• In Earthworm Jim, a tiny cat mook will do this to Jim if he approaches it. Then again, it's a really fast way to skip parts of the level if you have enough energy to endure it.
  • In the Intelligence video for the SPECIAL system in Fallout 4, Vault Boy accidentally hits an alarm that turns a Mr. Handy hostile. Mr. Handy proceeds to grab Vault Boy's ankle and bash him around.
  • The gorilla luchador in God Hand can do this to Gene and it hurts a lot, even if Gene manages to interrupt it with a Groin Attack.
  • Growl: Poachers beware, depending on how they stand with each other, the rangers can slam stunned enemies back and forth in Runark. This is usually enough to kill mooks outright, unfortunately it's mostly a random occurrence.
  • This is the player's main attack in the N64 game Iggy's Reckin' Balls. There's even a multi-hit variation where the victim is slammed back and forth and eventually straight through the ground. This is, however, time-consuming, and considering this is a racing game, the multi-hit doesn't get used too often except by Spiteful A.I..
  • Scarecrow's Super Move in Injustice 2 begins with him opening a tear in reality with his hook, through which a giant Arkham Asylum-style Scarecrow grabs his opponent with his own hook, slams him into the ground twice, and then dunks him into an open grave with the opponent's name on the headstone.
  • Killer Instinct:
    • Glacius does this.
    • Kan-Ra one-ups him by using his bandages to repeatedly slam his opponent into the ground.
  • In The King of Fighters series, Goro Daimon's signature grapple super takes this form. Orochi Yashiro has one as his command throw and two of his supers, assuming Limit Break. Chang Koehan can also do this as a command throw, and one handed to boot.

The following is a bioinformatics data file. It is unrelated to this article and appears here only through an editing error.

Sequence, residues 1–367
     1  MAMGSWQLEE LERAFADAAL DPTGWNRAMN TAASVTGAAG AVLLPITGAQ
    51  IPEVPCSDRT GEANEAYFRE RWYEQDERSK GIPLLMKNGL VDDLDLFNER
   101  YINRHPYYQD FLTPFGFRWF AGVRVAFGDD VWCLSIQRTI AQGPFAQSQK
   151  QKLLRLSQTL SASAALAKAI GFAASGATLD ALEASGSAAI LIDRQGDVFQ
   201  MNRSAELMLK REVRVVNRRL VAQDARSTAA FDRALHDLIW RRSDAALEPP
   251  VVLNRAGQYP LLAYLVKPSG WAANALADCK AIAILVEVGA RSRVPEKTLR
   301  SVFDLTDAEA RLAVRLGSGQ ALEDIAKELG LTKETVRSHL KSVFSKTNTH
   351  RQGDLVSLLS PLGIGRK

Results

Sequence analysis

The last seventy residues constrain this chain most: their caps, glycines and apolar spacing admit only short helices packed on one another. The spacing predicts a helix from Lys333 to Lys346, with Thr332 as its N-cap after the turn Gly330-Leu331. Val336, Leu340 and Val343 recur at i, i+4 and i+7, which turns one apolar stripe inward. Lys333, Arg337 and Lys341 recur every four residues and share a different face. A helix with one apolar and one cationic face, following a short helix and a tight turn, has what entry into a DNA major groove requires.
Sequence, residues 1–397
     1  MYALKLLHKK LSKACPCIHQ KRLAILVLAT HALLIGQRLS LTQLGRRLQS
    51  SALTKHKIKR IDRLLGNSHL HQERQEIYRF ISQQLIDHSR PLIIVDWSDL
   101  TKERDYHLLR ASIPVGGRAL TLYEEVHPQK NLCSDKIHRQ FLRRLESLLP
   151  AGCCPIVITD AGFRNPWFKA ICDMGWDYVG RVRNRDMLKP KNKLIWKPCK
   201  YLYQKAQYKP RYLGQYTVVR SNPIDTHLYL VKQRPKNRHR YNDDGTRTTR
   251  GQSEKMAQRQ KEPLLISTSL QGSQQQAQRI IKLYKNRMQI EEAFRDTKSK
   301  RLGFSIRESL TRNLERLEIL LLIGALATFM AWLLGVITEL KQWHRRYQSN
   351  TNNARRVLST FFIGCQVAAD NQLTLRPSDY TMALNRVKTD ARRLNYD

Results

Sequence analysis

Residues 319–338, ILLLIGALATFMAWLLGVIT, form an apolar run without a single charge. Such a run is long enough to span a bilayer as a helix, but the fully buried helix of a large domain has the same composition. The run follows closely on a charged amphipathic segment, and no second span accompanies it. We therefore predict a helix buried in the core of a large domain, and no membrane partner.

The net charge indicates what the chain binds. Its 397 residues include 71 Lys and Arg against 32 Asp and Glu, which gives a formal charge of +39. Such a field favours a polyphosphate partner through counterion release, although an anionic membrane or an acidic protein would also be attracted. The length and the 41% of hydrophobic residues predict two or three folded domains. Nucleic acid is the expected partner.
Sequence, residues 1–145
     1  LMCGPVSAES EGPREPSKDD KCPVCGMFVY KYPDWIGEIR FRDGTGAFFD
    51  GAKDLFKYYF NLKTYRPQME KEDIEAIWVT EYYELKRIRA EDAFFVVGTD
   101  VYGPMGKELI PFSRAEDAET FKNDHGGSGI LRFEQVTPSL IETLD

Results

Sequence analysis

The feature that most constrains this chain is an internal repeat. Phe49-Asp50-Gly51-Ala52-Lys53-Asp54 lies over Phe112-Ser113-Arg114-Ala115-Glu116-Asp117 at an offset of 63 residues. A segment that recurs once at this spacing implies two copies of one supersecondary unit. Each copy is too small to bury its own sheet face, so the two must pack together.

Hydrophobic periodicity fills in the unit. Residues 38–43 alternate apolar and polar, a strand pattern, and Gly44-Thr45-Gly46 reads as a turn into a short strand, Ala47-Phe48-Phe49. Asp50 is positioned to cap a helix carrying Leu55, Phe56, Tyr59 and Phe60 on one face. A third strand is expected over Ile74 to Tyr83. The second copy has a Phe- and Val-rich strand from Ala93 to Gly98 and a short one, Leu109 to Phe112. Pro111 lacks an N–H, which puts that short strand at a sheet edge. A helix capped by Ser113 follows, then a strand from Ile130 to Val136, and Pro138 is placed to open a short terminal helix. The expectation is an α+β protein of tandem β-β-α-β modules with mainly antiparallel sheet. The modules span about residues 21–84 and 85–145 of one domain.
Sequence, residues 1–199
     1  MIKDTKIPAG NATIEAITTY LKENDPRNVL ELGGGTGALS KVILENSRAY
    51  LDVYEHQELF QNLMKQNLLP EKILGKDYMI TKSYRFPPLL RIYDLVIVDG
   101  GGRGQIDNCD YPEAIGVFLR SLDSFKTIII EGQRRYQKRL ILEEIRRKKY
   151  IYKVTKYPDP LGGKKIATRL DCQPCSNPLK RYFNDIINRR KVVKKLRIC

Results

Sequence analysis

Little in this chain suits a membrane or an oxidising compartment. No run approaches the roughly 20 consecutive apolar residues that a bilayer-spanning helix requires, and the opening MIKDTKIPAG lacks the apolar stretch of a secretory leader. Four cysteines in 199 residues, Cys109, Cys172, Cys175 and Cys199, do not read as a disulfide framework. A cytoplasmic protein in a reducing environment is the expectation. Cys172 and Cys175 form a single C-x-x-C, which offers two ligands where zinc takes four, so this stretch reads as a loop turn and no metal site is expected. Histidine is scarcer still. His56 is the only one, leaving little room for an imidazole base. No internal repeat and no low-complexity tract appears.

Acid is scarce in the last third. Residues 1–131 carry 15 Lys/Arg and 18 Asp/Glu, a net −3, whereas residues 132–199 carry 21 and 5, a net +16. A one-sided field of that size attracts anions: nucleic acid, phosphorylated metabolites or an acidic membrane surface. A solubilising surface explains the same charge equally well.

• The Tank does this to some zombies in the intro movie of Left 4 Dead.
  • In LEGO Marvel Super Heroes and subsequent LEGO Marvel games Hulk can do this movement to most enemies the same way he did it to Loki in the Avengers film.
  • Luigi can perform this on ghosts in Luigi's Mansion 3 while they are being sucked by the Poltergust G-00, taking the place of the Power Surge mechanic from Dark Moon. This can do immense damage to both the ghosts and the surroundings (which can include other ghosts hit by the ghost Luigi is mashing with).
  • One of the finishers in MadWorld has Jack doing this, finishing by tossing the enemy into anything or anyone in his way. It's pretty satisfying to watch.
  • Marvel vs. Capcom:
  • The Rajang of Monster Hunter uses this as its preferred technique against Flying Wyverns, grabbing them out of the air by the tail, then bashing them against the ground few times before tossing them into the nearest wall. The scary thing is how easily it does it, considering most Flying Wyverns are formidable threats in their own right, cementing the Fanged Beast's place in the power hierarchy.
  • This is a constant part of Jax's moveset in any Mortal Kombat he appears.
  • Ninja Baseball Bat Man has Beanball Roger's Foil Buster.
  • The Pink Panther in Passport to Peril: Pinky does this to the mooks who attack him during a Peking Opera performance.
  • The scorpion enemies do this to you in Pitfall 3D: Beyond the Jungle.
  • The basic attack in Rod Land.
  • Shank can do this after grabbing a basic Mook and stabbing them mulitple times.
  • Skullgirls: This is one of Cerebella's super attacks, topped off by her flinging the opponent in the air and impaling them on a blade hidden in one of her Tricked-Out Shoes.
  • Solatorobo: The G-type mech can do this to a stunned foe, and is hilarious to watch on mechs and bosses twice your size. And it even damages other enemies too!
  • Sonic Unleashed: Sonic the Werehog can use the Beatdown to do this to some of the bigger mooks once he gets his elasticated hands on them.
  • In Soulcalibur Rock can grab an enemy's feet when they're on the ground and do this before hurling them away.
  • Street Fighter:
  • In Super Smash Bros. Brawl, Samus can do this with her up grapple attack.
  • The page image comes from the SNES port of Teenage Mutant Ninja Turtles: Turtles in Time. Here's a video of it. It's also Simple, yet Awesome as it's a One-Hit Kill on all Foot Ninjas (the one being thrown, as well as those hit by him) and gives you more points than killing them normally.
  • In Tekken, Kuma has a left side throw called the Bear Slam, in which this trope comes into play.